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No-deal Brexit would bring recession, unemployment and higher prices - Moody's

File photo dated 31/03/17 of the Union flag and the EU flag flying from the same mast above the Summerhall building in Edinburgh. EU citizens living in the UK are in Brussels to urge members of the European Parliament and Commission to ensure their rights are guaranteed after Brexit. PRESS ASSOCIATION Photo. Issue date: Thursday May 11, 2017. Anne-Laure Donskoy will tell MEPs that EU citizens' rights "to work, to marry, to have access to health services and education, to build a business" are "at risk" and should be "guaranteed and preserved not just for the short or medium term but permanently". See PA story POLITICS Brexit. Photo credit should read: Jane Barlow/PA Wire

By Ravender Sembhy, Press Association City Editor

Britain would fall into recession, the pound would collapse and shop prices would rocket in the event of a no-deal Brexit, credit ratings agency Moody's has warned.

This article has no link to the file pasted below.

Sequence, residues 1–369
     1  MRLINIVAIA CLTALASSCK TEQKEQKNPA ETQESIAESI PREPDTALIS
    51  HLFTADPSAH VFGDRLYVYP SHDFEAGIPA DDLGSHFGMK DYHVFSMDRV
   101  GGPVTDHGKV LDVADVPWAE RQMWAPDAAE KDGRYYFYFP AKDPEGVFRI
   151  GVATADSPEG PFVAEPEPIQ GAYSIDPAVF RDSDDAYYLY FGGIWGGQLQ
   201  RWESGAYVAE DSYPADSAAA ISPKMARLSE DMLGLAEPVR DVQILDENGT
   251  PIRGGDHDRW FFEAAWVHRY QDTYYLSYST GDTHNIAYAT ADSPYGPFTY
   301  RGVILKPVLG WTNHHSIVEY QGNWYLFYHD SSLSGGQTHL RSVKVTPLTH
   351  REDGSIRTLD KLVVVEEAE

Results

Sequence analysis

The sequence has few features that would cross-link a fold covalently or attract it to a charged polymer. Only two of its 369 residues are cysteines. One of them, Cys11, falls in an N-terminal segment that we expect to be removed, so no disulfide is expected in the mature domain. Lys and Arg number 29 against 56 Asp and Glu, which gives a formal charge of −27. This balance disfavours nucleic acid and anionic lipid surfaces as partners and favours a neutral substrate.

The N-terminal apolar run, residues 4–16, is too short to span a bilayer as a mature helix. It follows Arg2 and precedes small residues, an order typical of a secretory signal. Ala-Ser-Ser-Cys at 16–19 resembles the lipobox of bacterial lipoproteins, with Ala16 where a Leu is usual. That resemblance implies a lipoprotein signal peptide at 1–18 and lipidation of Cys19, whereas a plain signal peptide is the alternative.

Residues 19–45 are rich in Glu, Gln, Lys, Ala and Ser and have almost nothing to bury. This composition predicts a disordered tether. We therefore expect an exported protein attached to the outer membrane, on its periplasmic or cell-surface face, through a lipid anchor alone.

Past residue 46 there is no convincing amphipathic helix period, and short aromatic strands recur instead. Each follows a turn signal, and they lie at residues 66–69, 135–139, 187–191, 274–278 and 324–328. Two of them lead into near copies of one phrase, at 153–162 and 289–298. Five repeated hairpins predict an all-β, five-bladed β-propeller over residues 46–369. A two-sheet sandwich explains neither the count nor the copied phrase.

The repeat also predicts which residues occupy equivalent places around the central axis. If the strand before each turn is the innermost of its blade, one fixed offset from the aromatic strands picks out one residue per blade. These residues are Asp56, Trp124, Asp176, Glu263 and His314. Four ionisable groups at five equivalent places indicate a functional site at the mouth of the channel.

In a grim reminder of what is at stake as the Conservative Government scrambles to avert a chaotic EU exit, Moody's said the probability of a no-deal Brexit has "risen materially".

"The immediate impact of a no-deal Brexit would likely be seen first in a sharp fall in the value of the British pound, as was also evident after the 2016 UK-wide referendum on whether to remain in or leave the EU.

"The fall in the exchange rate would lead to temporarily higher inflation and hence a further squeeze on real wages over the following two to three years, which in turn would weigh on consumer spending and depress growth."

The report added that unemployment would rise, the Treasury would be knocked by lower tax revenue and the UK could "fall into recession very quickly".

The automotive, airline, aerospace and chemicals sectors would be most severely affected, Moody's said, as they account for the largest trade flows in goods with the EU.

The impact on the retail sector would be "substantial" as higher World Trade Organisation tariffs take their toll.

"We still think the UK and the EU will eventually reach an agreement to preserve many - but not all - of their current trading arrangements, particularly around trade in goods," said Colin Ellis, Moody's chief credit officer and co-author of the report.

"However, we believe the prospect of the UK leaving the EU without any agreement has risen materially."

The warning comes as the Government publishes its next set of technical papers on what could happen if Britain leaves the EU without an exit agreement.